When the price penetrates a line we must remain more alert and be prepared to act. Depending on the position where the break occurs, as well as the action itself, we can suggest different scenarios. A thorough understanding of price and volume action is needed to determine the most likely scenarios.
▶ Horizontal Lines
A horizontal line identifies an old zone of imbalance between supply and demand. When it connects at least two lows it identifies a support. This is an area where buyers appeared in the past to outdo sellers and stop the price drop. On that area it is expected that buyers will appear again when it is visited again.
A horizontal line connecting at least two highs identifies a resistance and is an area where supply outpaced demand by stopping a price hike; that is why sellers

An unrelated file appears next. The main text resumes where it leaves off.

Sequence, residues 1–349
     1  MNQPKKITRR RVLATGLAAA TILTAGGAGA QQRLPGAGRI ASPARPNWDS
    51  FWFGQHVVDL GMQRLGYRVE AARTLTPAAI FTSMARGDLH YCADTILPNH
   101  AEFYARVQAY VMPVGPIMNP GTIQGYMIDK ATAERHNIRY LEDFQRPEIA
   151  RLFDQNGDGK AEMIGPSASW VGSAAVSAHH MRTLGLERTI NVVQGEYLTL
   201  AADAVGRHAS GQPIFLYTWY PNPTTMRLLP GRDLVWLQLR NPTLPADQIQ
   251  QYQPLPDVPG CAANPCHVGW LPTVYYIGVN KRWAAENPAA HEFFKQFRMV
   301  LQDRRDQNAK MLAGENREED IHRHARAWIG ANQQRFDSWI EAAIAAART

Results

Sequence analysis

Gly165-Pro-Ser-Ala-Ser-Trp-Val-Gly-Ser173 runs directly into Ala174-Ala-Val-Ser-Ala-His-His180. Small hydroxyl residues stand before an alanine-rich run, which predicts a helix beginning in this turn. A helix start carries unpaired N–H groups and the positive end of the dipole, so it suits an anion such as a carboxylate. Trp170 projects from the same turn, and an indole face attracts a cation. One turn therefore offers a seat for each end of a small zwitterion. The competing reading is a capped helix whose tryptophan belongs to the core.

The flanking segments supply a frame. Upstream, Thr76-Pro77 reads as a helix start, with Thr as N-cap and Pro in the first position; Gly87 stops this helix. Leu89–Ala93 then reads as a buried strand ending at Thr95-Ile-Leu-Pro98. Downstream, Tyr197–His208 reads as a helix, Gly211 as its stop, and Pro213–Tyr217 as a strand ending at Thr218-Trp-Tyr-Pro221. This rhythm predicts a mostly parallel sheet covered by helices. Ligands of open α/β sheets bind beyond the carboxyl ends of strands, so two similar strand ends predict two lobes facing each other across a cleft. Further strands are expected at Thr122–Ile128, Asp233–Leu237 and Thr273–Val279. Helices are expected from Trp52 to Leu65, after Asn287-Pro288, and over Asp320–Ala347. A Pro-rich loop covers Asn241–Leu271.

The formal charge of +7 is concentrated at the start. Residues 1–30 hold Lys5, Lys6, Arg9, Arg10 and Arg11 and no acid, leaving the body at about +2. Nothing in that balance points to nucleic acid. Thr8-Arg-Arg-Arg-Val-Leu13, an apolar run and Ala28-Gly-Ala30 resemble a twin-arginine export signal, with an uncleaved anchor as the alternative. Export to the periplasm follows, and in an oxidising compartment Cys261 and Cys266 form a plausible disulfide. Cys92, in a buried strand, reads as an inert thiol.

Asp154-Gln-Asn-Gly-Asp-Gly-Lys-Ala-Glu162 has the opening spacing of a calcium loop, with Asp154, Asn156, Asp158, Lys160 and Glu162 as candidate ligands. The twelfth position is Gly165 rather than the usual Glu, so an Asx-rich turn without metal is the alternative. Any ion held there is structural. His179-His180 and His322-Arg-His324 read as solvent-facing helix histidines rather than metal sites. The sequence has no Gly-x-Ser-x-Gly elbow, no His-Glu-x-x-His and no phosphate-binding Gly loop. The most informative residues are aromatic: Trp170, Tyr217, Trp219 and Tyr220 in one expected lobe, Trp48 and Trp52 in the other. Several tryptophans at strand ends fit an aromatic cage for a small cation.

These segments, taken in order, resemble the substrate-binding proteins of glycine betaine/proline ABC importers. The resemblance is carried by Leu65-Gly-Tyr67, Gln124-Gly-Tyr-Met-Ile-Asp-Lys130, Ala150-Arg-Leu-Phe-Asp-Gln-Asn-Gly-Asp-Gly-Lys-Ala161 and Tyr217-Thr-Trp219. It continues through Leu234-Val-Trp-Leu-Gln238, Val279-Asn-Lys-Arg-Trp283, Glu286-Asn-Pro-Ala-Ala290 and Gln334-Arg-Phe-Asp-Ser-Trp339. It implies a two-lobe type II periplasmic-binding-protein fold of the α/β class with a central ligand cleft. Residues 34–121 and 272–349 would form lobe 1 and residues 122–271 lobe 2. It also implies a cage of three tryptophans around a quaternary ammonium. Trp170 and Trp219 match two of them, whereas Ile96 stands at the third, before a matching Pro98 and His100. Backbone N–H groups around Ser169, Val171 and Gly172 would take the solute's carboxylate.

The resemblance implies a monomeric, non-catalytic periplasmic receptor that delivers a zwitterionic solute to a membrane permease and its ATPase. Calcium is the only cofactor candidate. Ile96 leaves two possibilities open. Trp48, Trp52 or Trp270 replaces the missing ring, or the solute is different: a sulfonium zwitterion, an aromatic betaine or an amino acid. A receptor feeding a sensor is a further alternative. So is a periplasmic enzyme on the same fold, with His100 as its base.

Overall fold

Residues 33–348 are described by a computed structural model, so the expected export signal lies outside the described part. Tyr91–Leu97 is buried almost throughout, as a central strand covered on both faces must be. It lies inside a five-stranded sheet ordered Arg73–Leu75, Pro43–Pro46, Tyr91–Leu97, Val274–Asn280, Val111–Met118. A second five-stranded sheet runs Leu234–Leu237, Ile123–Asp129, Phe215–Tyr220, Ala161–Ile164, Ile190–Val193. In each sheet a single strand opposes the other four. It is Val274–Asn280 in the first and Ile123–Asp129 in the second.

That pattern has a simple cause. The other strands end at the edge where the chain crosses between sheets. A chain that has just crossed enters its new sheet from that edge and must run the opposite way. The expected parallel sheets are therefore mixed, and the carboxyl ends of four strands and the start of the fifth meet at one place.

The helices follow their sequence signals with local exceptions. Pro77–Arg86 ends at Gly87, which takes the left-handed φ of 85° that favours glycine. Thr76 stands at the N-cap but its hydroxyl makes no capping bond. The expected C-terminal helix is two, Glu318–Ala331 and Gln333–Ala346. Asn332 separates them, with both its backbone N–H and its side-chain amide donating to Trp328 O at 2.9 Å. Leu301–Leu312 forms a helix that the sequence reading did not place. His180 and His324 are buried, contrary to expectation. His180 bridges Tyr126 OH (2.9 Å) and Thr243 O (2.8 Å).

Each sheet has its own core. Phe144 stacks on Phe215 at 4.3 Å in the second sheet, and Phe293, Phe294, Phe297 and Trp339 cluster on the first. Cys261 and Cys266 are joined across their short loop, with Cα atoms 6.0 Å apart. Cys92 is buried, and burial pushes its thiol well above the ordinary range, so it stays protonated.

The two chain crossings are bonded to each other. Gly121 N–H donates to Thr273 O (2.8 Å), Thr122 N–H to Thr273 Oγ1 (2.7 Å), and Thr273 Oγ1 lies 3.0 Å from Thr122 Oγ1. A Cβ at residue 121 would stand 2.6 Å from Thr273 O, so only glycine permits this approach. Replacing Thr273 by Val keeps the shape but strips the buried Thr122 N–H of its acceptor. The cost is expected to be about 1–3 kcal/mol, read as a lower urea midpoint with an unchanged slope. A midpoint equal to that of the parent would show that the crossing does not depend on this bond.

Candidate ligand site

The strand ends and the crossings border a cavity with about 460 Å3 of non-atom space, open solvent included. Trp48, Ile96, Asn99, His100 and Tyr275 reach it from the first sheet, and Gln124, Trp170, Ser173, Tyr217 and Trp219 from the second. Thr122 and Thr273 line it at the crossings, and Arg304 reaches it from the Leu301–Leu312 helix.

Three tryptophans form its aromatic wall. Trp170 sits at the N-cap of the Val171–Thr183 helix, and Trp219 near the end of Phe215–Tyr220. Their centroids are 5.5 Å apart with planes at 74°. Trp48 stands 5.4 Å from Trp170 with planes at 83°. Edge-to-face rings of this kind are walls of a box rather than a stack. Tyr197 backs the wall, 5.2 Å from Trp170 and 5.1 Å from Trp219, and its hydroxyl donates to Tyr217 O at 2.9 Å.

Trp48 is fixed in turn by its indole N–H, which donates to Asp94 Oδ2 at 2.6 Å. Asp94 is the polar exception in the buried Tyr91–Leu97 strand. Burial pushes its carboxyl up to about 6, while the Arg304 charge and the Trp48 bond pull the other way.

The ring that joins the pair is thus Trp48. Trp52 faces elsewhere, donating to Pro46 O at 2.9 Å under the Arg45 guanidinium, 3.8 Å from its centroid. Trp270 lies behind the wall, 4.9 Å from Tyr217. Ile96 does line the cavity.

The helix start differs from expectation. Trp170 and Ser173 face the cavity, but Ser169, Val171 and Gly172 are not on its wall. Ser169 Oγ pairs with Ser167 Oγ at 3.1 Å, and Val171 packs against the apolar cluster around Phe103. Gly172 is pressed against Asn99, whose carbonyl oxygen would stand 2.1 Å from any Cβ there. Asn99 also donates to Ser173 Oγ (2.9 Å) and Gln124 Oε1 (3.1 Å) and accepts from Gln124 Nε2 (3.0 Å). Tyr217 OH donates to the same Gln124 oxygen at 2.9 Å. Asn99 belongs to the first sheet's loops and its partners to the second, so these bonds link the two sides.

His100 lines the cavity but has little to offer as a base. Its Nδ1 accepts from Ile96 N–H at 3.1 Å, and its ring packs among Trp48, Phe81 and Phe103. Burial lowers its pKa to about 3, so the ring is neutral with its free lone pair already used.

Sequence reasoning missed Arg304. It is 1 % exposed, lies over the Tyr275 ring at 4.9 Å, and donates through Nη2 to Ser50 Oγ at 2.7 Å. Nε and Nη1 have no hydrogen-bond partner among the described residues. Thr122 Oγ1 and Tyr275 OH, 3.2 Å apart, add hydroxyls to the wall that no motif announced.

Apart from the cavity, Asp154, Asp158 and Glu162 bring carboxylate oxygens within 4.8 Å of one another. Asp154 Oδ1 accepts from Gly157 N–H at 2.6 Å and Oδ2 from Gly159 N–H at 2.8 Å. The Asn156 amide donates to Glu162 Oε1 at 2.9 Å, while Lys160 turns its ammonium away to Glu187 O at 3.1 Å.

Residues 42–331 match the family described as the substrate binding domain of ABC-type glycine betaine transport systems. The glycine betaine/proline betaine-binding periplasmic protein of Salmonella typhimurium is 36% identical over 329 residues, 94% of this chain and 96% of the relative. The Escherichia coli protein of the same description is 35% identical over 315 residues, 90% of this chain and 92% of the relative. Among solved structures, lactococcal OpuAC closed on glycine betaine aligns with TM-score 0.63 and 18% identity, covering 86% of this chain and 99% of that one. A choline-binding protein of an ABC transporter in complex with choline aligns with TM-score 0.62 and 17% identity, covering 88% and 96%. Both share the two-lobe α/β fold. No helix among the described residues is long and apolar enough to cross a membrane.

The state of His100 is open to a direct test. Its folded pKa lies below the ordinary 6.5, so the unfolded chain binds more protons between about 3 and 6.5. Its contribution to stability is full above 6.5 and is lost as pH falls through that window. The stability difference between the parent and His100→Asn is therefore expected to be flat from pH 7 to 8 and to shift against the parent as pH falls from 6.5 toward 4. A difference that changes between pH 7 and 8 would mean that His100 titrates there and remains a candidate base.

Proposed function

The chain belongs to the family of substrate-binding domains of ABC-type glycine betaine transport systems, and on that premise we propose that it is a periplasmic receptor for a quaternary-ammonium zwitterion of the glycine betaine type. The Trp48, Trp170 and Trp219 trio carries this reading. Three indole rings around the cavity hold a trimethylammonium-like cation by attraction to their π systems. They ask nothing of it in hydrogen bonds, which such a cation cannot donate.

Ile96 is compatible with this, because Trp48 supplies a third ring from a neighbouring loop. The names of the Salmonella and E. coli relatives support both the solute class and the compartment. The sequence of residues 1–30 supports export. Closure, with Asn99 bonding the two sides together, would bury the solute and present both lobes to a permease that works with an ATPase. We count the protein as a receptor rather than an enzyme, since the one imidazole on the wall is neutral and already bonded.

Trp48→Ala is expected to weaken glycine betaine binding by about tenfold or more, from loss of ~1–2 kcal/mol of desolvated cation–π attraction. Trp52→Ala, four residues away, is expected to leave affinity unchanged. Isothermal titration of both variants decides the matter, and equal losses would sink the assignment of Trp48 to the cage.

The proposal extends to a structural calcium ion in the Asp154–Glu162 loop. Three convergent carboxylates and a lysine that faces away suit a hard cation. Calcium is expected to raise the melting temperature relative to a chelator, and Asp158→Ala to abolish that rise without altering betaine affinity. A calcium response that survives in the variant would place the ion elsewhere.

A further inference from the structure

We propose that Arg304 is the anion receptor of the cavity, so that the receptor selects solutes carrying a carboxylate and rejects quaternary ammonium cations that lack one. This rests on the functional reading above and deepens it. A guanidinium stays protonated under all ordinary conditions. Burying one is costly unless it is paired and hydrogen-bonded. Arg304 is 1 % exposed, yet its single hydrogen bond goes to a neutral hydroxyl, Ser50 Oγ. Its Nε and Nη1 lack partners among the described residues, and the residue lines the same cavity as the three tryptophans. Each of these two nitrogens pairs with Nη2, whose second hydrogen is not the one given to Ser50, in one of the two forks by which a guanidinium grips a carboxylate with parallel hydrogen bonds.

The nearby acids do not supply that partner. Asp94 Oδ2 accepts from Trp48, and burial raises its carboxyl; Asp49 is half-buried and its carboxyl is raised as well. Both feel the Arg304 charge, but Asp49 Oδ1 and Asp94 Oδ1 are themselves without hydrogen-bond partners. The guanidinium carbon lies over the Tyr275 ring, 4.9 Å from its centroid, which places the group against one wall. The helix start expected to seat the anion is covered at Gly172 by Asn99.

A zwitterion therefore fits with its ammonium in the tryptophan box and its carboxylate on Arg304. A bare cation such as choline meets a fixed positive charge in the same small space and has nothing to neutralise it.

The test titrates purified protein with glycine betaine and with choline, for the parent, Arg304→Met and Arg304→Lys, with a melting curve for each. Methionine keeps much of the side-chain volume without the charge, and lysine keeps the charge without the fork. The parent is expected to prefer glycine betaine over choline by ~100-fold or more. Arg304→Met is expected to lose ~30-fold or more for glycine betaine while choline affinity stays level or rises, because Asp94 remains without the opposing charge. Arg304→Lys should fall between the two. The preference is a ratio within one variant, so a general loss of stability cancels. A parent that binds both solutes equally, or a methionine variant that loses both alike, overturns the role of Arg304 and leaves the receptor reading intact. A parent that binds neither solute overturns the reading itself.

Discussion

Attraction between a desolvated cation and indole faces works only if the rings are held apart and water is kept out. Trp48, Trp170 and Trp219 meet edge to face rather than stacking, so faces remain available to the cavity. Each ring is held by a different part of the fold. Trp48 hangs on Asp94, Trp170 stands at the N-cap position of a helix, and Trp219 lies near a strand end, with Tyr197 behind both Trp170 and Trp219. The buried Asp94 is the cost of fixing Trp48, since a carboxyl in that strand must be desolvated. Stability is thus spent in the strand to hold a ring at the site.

When a line serves both as support and resistance, it is known as a pivot line. Prices tend to revolve around those axis lines. Those price levels are constantly changing roles; a broken resistor becomes a support, and a broken support becomes a resistor.
▶ Trend Lines
After identifying the nature of the trend, the next step is to build a guideline in order to take advantage of the movement. It is the simple connection between two or more price points.
In a bearish trend, the trend line is drawn by connecting two decreasing highs. This line is called the bid line because it is assumed that the sellers will appear on it.
In an uptrend, the trendline is drawn by connecting two rising lows. This line is called a demand line because it marks the point where buyers are supposed to appear.
We can continuously readjust the trend lines in order to adjust the one that best suits the price action and therefore generated the most touches. The more times the line has been respected, the